(Speech delivered on Mr Elder's behalf by Gerry Brownlee MP)
On behalf of the Minister of Civil Defence, Jack Elder, I would like to welcome you all here tonight to this celebration of a decade of the lifeline movement's growth and development.
The Minister was very much looking forward to being with us tonight but, due to family illness, he has had to return to his home in Auckland.
Before doing so, he asked me if I would deliver the comments he had planned to make, which I am pleased to do.
You are celebrating 10 years of considerable achievement in the Lifeline movement's growth and development. When I mentioned this function to someone recently they thought it was something to do with the Samaritans/Youthline telephone counselling services.
On reflection, I suppose it's a reasonable deduction to make. You're working with strategies to build a better future by averting or at least recovering from what may well be the ashes and rubble of disaster and adversity.
Lifelines brings together a range of public utility and transportation sector organisations.
The focus has moved from a largely scientific and engineering discipline to a broader risk-management approach. Following the success of the original Wellington project, there are now 12 active lifeline projects throughout New Zealand.
The lifelines movement contributes substantially to the achievement of national goals relating to:
making our communities safer;
encouraging and enabling communities to be active in avoiding and overcoming emergencies;
protecting our social and economic infrastructure from the adverse effects of emergencies.
The Government is moving to improve and to update New Zealand's emergency management framework.
There have been two recent and important developments in this area.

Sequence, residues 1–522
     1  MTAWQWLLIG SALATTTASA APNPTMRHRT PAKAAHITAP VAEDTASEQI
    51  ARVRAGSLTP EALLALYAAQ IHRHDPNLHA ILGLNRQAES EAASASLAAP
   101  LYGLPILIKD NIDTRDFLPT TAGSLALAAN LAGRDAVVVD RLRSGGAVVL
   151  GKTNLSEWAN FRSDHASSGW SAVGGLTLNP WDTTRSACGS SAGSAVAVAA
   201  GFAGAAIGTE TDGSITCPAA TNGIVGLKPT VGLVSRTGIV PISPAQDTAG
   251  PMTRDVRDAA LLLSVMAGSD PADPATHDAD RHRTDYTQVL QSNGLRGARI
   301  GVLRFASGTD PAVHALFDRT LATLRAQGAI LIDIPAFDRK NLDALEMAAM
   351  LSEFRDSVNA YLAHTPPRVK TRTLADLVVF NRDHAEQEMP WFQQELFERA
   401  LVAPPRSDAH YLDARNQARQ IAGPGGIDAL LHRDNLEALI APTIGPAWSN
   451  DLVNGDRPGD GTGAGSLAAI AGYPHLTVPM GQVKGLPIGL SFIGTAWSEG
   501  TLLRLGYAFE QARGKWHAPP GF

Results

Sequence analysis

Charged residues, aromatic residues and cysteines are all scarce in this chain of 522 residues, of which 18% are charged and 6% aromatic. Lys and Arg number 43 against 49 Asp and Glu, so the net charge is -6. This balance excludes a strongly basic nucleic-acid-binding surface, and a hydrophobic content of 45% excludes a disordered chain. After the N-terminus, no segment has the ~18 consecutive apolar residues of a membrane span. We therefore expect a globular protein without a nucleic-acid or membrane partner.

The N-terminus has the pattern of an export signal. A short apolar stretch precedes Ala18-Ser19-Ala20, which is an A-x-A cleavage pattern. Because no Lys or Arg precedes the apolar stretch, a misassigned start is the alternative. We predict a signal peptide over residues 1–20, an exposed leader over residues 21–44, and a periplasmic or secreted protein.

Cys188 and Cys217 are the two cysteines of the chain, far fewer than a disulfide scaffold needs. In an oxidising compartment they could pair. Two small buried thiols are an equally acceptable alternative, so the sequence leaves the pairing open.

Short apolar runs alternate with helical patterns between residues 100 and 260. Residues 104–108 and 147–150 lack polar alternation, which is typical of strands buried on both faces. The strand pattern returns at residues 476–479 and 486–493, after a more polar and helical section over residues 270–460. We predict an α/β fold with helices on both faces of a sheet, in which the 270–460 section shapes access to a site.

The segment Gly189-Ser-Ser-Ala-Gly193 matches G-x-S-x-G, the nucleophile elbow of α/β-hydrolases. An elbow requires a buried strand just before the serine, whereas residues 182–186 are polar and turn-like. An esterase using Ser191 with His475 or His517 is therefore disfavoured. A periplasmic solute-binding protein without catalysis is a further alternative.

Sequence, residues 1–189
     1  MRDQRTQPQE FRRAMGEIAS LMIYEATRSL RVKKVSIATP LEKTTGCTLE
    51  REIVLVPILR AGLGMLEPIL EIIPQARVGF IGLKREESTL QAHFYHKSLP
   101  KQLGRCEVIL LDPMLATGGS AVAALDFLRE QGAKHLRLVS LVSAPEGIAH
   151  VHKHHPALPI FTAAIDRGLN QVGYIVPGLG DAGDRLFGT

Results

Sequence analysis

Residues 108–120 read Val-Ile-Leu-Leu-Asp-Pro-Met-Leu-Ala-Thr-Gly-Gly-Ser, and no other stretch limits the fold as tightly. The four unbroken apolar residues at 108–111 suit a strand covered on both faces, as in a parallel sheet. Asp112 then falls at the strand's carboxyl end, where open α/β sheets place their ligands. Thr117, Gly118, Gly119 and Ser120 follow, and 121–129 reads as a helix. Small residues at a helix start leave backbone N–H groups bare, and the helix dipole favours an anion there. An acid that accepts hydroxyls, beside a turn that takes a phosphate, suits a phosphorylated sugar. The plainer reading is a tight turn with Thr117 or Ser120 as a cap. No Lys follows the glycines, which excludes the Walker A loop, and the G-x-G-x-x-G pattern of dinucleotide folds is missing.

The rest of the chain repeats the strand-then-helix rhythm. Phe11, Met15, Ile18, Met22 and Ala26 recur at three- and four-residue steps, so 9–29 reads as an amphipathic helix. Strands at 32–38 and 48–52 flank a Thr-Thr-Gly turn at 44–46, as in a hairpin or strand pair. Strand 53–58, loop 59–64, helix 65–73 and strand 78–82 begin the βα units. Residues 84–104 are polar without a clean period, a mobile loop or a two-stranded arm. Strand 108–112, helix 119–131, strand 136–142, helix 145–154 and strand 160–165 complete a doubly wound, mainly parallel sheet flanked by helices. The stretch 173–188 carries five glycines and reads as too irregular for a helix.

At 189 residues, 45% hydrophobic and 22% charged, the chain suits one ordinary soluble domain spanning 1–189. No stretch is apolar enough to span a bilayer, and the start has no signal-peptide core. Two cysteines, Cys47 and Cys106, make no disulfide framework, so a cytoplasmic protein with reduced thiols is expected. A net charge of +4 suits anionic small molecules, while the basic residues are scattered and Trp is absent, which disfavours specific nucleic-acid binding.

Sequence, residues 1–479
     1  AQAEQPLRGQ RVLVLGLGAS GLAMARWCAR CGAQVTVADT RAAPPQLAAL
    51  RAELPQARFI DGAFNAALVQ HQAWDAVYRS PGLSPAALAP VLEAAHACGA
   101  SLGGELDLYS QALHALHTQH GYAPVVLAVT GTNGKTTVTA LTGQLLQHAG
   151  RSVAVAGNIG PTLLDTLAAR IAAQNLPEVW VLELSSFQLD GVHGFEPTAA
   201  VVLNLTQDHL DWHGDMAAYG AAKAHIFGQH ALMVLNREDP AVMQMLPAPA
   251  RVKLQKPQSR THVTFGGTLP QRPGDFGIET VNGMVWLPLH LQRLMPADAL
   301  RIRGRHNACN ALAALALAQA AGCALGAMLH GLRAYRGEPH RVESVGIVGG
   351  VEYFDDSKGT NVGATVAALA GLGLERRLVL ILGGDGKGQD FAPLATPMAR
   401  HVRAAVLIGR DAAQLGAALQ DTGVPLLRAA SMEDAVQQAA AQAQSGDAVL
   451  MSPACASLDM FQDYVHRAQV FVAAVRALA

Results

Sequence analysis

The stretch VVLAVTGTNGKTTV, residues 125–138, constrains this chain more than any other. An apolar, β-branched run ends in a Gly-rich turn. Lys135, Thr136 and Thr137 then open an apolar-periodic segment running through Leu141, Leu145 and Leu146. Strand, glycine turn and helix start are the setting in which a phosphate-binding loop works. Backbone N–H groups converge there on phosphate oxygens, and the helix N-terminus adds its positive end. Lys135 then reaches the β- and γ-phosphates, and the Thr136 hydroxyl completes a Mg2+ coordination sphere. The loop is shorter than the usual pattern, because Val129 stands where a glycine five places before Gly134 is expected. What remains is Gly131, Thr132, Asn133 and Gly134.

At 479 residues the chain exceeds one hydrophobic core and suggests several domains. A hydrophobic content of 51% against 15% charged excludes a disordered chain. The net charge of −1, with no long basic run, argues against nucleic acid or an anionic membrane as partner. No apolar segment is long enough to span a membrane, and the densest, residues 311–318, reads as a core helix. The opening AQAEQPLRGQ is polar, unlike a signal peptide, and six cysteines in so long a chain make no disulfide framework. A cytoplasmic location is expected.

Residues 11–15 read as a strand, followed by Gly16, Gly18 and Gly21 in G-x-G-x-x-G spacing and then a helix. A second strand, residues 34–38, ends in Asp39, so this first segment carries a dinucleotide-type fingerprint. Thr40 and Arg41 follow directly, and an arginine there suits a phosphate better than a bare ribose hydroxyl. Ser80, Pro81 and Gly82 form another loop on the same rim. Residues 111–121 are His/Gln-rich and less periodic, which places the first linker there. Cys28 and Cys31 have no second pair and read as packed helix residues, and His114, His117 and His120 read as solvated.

A new Ministry is being established, to be called the ‘Ministry for Emergency Management'. It will provide leadership to the sector.
The Government has also approved policy proposals for an Emergency Management Bill to repeal and to replace the Civil Defence Act 1983.
Civil defence will remain core business for the new Ministry, but it is important to understand the meaning of ‘emergency management':
It places much greater emphasis on removing or reducing the hazards and risks that threaten our communities.
It will involve a number of sectors, whose activities impact on emergency management outcomes, consulting and working more closely together
And Emergency Management is better at ensuring that populations are safe and that the economy is resilient.
The Emergency Management Bill proposals are all about doing much more than just preparing for, responding to and trying to recover from emergencies.
It will mean individuals, enterprise and communities working proactively to reduce or to eliminate adverse effects
It will see local authority emergency management groups (EMGs) working in partnership with emergency services, lifeline utilities and others.
Some other key improvements the Bill will bring are:
a clear guiding statement by the Crown about New Zealand's emergency management goals and objectives;
emergent hazards and risks will be more easily addressed;
barriers to the development of new and innovative solutions will be removed;
arrangements in relation to a national emergency will be updated;
The legislation will also bring very flexible and cost-effective mechanisms to determine and to manage our social and economic exposures in relation to the New Zealand hazardscape.
It is likely that the Bill will reinforce the key roles and responsibilities of lifeline utilities. This particularly applies in relation to:
the adoption of strategies and plans to ensure services continue to the fullest possible extent during and after an emergency;
participation in the development of other emergency management strategies and plans;
the provision of advice to emergency management groups and to the Ministry for Emergency Management.
As I have said many times partnership is the key to success
None of this new emergency management system can happen without everyone working together. It involves all community sectors, with the new Ministry of Emergency Management acting as a "broker" in co-ordinating the different elements. Everyone has a role and responsibilities, and, with individuals and organisations like Lifelines we can develop a streamlined, effective system that meets the challenges ahead.
New Zealand is leading the world in taking this comprehensive, risk management approach throughout a whole country. We have the opportunity to establish new standards in international best practice, standards that will see other countries follow the example we set.